This is a step I’m not quite sure about: Step 8, in which the heroine dies. You see, the goose-girl does not die, in any ordinary sense. Snow White dies, and Sleeping Beauty sleeps for a hundred years, which is the next best (or worst) thing to death. But the goose-girl just crawls into the iron-stove. Isn’t that strange? It reminds me of Cinderella sleeping on the hearth, among the ashes. And that, for me, is an image of death, because we associate ashes with the dead. So perhaps there is a whisper of death here: a whisper of crawling into a small space, a space like a tomb or womb, like the belly of the wolf in “Little Red Riding Hood.” This is the only space in which the princess can whisper her secret, reveal her true identity. Over and over again, in fairy tale journeys, we see this crawling into or lying in a small space: a coffin, a tower room. The heroine has to go in, and when she comes out, it’s to transform into her true self. Like a caterpillar becoming a chrysalis becoming a butterfly.
The aged King, however, was standing outside by the pipe of the stove, and was listening to what she said, and heard it. Then he came back again, and bade her come out of the stove. And royal garments were placed on her, and it was marvellous how beautiful she was!
So there she is: her true identity is revealed. Again we have two steps: Step 10, the heroine is revived, and Step 9, she finds her true partner.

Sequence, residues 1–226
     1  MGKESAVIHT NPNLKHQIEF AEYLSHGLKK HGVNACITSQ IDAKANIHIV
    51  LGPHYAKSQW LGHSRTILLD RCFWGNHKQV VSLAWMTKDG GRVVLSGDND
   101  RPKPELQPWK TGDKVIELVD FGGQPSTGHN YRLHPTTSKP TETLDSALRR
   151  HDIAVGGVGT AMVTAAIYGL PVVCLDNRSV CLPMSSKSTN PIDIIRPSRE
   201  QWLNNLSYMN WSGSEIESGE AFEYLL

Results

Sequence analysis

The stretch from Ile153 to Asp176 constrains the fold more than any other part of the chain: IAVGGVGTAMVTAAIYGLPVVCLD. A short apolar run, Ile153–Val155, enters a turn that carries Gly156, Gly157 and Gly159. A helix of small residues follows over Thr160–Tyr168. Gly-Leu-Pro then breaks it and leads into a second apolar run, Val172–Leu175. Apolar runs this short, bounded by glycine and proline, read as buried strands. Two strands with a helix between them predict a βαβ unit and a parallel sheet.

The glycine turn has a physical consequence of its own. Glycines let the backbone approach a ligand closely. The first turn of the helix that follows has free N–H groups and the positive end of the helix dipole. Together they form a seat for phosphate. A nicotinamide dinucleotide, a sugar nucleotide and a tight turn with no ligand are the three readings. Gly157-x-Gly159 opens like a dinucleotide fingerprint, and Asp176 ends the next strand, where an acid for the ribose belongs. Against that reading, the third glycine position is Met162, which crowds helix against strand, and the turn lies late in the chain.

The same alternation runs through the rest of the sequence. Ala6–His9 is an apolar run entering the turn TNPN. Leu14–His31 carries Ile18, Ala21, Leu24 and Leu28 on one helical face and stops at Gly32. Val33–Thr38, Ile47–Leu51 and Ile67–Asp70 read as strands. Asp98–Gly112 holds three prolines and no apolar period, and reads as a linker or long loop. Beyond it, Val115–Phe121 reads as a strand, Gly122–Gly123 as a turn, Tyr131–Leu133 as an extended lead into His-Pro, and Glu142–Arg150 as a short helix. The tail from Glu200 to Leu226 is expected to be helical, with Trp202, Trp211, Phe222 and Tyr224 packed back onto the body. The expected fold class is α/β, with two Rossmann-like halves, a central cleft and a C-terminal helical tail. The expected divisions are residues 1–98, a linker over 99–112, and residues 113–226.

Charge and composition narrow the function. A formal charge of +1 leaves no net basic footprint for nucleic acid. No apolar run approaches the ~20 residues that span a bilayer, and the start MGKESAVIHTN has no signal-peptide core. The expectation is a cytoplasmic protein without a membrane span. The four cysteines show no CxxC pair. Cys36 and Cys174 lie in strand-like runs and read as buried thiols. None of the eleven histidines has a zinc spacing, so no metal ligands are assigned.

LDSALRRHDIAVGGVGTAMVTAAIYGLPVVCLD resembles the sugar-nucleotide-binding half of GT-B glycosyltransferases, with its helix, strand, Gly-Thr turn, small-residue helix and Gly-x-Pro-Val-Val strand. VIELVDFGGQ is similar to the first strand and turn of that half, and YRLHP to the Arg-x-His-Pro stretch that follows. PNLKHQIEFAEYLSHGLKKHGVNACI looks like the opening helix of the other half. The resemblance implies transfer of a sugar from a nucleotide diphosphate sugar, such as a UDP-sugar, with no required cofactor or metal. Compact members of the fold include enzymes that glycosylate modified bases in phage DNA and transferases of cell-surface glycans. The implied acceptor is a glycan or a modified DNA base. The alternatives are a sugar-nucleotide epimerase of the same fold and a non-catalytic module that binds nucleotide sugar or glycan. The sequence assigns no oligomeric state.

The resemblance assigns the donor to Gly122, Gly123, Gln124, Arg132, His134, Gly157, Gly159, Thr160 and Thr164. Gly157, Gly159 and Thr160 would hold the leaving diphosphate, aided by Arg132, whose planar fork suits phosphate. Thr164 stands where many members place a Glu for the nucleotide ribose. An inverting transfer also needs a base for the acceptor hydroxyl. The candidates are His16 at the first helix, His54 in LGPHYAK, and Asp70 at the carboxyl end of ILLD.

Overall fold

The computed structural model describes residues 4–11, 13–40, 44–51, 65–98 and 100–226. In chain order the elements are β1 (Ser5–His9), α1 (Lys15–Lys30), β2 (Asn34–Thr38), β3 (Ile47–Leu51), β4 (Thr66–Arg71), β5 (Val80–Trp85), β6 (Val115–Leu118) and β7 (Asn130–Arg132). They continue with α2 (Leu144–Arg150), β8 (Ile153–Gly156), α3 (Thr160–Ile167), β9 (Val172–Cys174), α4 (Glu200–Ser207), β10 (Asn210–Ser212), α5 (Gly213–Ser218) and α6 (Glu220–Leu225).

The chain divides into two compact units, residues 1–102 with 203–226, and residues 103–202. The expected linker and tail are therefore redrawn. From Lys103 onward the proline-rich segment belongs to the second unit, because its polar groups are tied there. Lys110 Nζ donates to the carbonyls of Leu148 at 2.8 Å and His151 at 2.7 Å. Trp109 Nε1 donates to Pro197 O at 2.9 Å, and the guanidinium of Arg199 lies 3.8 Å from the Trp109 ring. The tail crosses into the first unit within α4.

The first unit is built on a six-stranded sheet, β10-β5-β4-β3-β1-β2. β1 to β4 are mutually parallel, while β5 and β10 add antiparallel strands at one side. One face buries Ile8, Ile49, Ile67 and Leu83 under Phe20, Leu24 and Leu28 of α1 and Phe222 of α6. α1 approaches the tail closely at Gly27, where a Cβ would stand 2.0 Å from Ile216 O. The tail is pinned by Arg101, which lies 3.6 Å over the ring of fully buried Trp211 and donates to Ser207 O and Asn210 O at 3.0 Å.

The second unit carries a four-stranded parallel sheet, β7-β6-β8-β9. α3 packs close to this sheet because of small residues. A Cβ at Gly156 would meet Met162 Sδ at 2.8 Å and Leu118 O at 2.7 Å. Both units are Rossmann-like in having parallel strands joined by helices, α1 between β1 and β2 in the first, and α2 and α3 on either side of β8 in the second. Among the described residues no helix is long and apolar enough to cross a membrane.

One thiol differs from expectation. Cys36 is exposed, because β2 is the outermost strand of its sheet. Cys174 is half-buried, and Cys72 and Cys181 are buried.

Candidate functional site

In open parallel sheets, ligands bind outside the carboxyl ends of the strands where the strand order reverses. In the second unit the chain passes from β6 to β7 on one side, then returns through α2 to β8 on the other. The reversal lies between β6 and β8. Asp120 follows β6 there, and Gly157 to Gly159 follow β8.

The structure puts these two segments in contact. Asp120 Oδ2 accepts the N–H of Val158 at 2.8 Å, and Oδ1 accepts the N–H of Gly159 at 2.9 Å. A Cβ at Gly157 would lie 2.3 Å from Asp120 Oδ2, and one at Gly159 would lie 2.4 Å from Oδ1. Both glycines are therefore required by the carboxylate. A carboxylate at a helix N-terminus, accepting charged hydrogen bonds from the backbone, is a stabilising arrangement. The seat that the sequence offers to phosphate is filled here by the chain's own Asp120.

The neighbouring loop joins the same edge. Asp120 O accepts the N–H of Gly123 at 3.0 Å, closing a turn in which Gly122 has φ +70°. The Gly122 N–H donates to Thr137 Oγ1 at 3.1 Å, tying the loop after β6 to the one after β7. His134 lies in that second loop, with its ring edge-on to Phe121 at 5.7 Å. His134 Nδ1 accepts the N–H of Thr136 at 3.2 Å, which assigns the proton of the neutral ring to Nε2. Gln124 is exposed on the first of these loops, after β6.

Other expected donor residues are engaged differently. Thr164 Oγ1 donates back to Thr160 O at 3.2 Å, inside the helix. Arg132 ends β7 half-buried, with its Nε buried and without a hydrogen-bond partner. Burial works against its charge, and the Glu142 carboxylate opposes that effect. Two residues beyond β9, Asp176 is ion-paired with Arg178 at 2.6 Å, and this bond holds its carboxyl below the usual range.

The aged King summoned his son, and revealed to him that he had got the false bride who was only a waiting-maid, but that the true one was standing there, as the sometime goose-girl. The young King rejoiced with all his heart when he saw her beauty and youth, and a great feast was made ready to which all the people and all good friends were invited. At the head of the table sat the bridegroom with the King’s daughter at one side of him, and the waiting-maid on the other, but the waiting-maid was blinded, and did not recognize the princess in her dazzling array.
Step 11 is the heroine enters her true home, and here the princess has entered her true home, which is the same home, but she now enters it through a different door and as a different person. She is no longer in the kitchen but in the banquet-hall. And finally we see Step 12: the heroine’s tormentor is punished.